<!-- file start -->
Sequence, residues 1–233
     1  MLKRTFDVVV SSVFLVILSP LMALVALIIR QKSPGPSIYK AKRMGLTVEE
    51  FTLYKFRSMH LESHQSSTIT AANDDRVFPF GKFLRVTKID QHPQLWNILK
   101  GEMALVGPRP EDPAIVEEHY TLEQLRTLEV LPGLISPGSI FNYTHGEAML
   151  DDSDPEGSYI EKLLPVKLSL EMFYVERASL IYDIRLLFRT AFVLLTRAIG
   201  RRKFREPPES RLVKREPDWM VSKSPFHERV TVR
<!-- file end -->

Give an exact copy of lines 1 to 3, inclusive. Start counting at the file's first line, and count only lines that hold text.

Sequence, residues 1–233
     1  MLKRTFDVVV SSVFLVILSP LMALVALIIR QKSPGPSIYK AKRMGLTVEE
    51  FTLYKFRSMH LESHQSSTIT AANDDRVFPF GKFLRVTKID QHPQLWNILK